I used MapQuest to calculate that long, long walk to my grade school from our house in Iowa. Same as you, 0.6 miles. When I visited the old neighborhood as an adult, I also noticed the huge hills we rode up on our bikes had all gotten smaller.

    Reply
  14. James Birdsall

    Well this brings back memories. I started school in 1950 in Ohio. As far as I was concerned, I loved school lunches. As someone else said, the milk was whole milk, there was lot of butter, the chili was full of meat AND no one that I can remember was the least bit fat. Of course, we walked to school, and as I told my son, it was at least 2 miles in the snow. But last summer I was visiting my home town and my sister and I measured it with her car, 0.6 mile. Sheesh.

    I used MapQuest to calculate that long, long walk to my grade school from our house in Iowa. Same as you, 0.6 miles. When I visited the old neighborhood as an adult, I also noticed the huge hills we rode up on our bikes had all gotten smaller.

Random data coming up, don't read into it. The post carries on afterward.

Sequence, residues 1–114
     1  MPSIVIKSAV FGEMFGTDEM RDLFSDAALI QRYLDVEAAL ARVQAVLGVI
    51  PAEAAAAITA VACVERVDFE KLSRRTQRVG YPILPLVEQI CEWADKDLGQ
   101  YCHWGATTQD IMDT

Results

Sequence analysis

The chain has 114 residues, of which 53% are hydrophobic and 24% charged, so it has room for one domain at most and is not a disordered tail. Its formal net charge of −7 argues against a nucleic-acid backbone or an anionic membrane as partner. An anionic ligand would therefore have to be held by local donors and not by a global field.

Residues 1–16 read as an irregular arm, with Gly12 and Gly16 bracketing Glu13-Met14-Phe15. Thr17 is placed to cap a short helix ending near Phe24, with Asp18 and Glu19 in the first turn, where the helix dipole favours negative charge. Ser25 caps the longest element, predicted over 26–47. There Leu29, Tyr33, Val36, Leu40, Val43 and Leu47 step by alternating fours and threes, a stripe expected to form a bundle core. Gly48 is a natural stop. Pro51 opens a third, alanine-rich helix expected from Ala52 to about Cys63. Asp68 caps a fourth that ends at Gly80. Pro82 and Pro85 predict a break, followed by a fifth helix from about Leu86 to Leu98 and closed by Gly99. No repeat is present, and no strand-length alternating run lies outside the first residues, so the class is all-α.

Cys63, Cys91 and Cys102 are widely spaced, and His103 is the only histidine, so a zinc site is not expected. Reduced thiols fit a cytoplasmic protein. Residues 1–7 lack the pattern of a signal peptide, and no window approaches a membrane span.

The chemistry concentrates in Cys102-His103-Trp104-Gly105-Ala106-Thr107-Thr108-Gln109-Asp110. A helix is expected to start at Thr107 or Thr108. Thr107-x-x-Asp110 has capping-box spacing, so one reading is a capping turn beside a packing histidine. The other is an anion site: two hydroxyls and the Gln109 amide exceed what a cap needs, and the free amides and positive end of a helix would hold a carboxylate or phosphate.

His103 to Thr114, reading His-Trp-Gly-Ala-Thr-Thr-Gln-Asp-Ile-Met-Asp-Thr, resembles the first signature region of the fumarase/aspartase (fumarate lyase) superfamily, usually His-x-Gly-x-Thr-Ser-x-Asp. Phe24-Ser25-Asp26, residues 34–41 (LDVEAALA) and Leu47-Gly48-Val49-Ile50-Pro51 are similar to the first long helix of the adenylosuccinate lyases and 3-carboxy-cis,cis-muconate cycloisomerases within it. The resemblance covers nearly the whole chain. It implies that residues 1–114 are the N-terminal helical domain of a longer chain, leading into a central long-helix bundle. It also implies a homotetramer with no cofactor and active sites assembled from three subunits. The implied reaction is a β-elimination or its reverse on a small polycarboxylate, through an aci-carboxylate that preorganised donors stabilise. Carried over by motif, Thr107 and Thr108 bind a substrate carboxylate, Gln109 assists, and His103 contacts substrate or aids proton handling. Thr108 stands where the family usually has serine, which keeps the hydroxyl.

Reply
  15. Amy

    I finally went to see the exhibit a couple of weeks ago. It was OK for a couple of hours of entertainment, but not much else. It was obviously intended to be more entertaining than educational. The exhibit barely mentioned the change in farm policy in the 70s. I suppose that would have been too boring for the average visitor. 🙂 Instead, there was plenty of text and photos about how food preferences in the white house influence national food trends. Food in the military, wartime rationing, and the school lunch program received quite a bit of attention in the exhibit too.